Because I came to the Peruvian capital off getting my passport stolen, I wasn’t a particularly good tourist there. It’s an absolutely huge city, something you don’t realize when you just stay in the tourist area, Miraflores. The actual city stretches out 300 square miles out from the Pacific coast, and it holds nearly 8 million people. Historically, its growth was down to its status as the port the Spanish used to hold then transport the gold and silver they took from Southern Peru and Bolivia, meaning it became a hub of trade and activity.
The area you will most probably be in while visiting is Miraflores, which hugs the cliffs beside the sea, and to many locals and citizens of Peru’s other areas is representative of what is worst about Peru. There you’ll find the most tourists, hundreds of restaurants pandering to them, plenty of flash department stores and all of Lima’s young professionals. As I was told when talking to a man selling maps from Cusco, these people are too rich and pampered to understand the real Peru, and its real problems. They have their wealth and are happy maintaining it. Miraflores really doesn’t conform to other parts of Peru. The cars don’t honk, there are outdoor tennis clubs, outdoor gyms, huge apartment blocks overlooking the sea, and even a shopping centre built into one of the cliffs (Larcomar). There I actually saw Peru’s own Simon Cowell, the ‘harsh’ judge on Peru’s Yo Soy (I am), an X-Factor like competition, standing in a queue to go to a movie.
While it’s in this area where you can eat some amazing ceviche, go paragliding etc, a little inland is where many of the hostels are. There’s a Loki party hostel, which apparently isn’t as good as any of the others, but I stayed at Dragonfly, Parawana, and Flying Dog. Dragonfly wasn’t great, Parawana was a really well run party hostel, and Flying Dog was well situated (as it was by my favourite sandwich place), but a bit more chilled than Parawana. To be honest though, I wasn’t in much of a mood to party while there, and I stayed there with friends, so enjoyed it. These hostels all surround Parque Kennedy (JFK park), which is a great place to get some street food, watch some dancing or live music, and stroke some of the many cats that inhabit it. There’s a church next to the park, and apparently the nuns take care of them, in case you were wondering if they’re diseased or dying or whatever. There’s a tonne of them and they’re kind of cute.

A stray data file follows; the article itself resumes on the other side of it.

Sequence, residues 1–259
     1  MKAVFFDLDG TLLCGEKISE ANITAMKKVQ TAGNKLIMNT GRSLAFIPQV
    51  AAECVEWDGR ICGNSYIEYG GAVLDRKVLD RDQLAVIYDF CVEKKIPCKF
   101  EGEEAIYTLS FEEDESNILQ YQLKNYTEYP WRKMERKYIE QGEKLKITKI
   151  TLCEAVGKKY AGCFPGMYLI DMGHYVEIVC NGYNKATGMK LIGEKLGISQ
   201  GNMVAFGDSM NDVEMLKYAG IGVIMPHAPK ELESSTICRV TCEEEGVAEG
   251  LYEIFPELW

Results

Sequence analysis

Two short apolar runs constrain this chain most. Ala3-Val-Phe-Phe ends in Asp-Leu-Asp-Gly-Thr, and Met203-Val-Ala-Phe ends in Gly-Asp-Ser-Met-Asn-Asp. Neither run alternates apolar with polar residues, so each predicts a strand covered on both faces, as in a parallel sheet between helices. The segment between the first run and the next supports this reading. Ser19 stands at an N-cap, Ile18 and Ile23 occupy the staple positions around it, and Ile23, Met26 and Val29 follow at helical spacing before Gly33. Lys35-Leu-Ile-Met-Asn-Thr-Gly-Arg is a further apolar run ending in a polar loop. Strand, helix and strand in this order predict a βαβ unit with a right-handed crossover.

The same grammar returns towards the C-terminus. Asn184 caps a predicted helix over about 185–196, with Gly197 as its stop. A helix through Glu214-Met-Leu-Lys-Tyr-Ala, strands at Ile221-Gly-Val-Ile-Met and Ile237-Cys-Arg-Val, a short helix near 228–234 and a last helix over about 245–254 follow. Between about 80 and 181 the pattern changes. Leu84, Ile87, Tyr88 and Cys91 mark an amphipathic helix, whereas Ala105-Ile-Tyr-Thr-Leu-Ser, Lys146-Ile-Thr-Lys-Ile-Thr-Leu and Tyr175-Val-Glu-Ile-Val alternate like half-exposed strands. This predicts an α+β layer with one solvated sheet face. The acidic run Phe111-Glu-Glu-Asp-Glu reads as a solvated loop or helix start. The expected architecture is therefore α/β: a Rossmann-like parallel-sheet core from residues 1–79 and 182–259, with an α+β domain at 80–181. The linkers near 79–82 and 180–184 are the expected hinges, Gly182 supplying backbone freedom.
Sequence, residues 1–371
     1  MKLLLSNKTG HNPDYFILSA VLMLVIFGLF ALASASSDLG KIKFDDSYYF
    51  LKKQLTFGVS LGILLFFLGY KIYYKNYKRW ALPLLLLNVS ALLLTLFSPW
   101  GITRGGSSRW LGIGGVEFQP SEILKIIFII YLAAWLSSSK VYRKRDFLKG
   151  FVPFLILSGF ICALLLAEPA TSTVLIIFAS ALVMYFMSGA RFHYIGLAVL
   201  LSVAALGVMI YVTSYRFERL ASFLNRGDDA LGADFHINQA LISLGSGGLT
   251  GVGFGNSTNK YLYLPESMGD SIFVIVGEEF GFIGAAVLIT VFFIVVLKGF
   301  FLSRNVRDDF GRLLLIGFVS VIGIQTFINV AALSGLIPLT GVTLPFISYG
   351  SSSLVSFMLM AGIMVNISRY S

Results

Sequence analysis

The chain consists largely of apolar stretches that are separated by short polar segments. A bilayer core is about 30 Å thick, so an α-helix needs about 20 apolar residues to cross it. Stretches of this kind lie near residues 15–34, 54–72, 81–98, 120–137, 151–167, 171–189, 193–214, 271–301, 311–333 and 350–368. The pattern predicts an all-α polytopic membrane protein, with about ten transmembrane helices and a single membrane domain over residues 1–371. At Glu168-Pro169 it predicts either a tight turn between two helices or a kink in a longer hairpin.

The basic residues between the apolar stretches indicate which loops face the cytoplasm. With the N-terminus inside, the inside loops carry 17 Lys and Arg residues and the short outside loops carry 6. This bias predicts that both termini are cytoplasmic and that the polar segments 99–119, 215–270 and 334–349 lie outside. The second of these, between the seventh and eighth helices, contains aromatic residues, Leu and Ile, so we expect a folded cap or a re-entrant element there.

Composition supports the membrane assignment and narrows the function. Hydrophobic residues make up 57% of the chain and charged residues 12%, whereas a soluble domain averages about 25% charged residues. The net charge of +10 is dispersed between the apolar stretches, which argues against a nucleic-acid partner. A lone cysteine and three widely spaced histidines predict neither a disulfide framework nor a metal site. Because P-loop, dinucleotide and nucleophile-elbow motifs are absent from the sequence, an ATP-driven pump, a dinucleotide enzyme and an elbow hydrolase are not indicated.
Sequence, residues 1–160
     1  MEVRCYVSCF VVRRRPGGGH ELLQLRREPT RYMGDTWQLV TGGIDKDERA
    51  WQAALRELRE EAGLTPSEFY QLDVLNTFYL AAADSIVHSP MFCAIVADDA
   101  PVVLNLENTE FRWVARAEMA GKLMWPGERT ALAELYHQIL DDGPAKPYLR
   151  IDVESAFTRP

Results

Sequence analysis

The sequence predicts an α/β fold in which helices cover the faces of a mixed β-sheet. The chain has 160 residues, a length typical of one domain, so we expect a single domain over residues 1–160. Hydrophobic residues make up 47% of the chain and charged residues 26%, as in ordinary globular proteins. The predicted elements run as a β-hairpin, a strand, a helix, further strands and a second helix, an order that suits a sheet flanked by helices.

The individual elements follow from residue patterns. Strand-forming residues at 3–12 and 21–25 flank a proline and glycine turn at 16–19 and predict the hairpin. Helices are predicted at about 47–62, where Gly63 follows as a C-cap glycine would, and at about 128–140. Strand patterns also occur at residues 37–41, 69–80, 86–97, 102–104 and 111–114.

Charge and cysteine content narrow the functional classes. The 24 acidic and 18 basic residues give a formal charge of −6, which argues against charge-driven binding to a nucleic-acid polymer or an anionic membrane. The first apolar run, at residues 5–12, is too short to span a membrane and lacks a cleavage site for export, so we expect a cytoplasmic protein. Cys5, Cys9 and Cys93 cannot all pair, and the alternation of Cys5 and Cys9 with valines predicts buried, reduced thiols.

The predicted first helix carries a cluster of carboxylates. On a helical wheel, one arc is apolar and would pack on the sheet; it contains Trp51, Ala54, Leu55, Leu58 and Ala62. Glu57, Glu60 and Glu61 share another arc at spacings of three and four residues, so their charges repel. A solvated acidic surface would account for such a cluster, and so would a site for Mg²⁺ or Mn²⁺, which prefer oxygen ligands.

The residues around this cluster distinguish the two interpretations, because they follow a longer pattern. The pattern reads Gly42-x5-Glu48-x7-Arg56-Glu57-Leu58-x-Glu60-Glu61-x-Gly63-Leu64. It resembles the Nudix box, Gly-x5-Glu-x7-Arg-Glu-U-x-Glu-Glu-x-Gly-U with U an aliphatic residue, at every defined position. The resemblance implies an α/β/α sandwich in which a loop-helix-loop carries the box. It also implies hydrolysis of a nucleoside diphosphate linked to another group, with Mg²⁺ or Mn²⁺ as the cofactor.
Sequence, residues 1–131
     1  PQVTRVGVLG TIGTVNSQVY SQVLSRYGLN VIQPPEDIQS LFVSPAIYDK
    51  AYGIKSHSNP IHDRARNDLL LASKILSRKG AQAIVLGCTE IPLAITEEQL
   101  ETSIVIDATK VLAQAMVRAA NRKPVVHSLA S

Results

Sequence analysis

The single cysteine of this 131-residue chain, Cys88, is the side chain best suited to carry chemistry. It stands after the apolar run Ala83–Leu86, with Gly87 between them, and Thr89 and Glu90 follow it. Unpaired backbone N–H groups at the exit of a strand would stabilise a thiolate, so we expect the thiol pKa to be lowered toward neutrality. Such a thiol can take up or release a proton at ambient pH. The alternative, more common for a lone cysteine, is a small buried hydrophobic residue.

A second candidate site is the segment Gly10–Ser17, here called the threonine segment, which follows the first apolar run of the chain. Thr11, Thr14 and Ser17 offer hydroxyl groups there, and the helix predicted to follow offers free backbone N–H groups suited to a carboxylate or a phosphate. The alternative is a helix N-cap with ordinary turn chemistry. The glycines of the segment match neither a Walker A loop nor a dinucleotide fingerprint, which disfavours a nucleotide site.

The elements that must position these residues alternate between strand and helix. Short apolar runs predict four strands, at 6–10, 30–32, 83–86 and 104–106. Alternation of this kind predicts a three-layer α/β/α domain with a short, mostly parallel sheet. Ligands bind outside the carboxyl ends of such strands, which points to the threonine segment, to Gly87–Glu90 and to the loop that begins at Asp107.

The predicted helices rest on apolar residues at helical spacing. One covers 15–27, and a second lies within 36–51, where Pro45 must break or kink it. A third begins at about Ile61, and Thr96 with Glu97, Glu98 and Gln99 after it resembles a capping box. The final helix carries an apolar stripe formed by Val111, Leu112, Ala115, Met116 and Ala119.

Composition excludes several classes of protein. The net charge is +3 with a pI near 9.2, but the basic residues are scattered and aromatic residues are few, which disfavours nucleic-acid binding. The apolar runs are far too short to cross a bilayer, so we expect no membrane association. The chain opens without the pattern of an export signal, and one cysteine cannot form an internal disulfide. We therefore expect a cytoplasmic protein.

A cat that and a friend and I played a kind of cat-jenga with, using leaves. My cat, nicknamed Zencat, won, and is rumored to still be sitting there with leaves all over its head to this day.
Once I’d sorted my passport out at the embassy, I booked a ticket to Medellin to get to the American embassy, and also booked a place at the paragliding they do off one of the cliffs in Miraflores.
I headed there a couple of hours after I was due, as a friend hadn’t been able to make it, and met the guy who was going to be taking me up.
All the prep was done very quickly, and I paid the 18 or so pounds just before gearing up and being swept off the cliff by the sea winds.
I had people tell me they were really scared about going paragliding, and someone in Medellin in Colombia even said they’d heard of people throwing up during it. I don’t quite understand this, as it’s effectively similar to being a bird. Tranquilo, serene, quiet. You get an awesome view of Miraflores, the sea, the beach, people playing tennis etc. The dude who brought me up (with a go pro attached), was trying to make it into some other extreme sport by shouting WOOOO in my ear, which I thought was a bit exaggerated, as by the end you do get a little bored. Overall though, paragliding is an awesome experience, and can be taken to the next level, as I would find out in Medellin.
That night I went out with my American friend Rick and various other people from ours and other hostels, and although it was only dinner and pub afterwards, we had a great time. I hadn’t met many Scots in South America up to that point, so took it upon myself to discuss the independence movement with the three that were in attendance, which ended up with me writing something very inappropriate on their flag in the pub. Let’s just say it would confirm any suspicions Alex Salmond has about the English opinion of the movement.
Anyway, Lima’s a nice place, you just can’t stay there more than 3 days or so.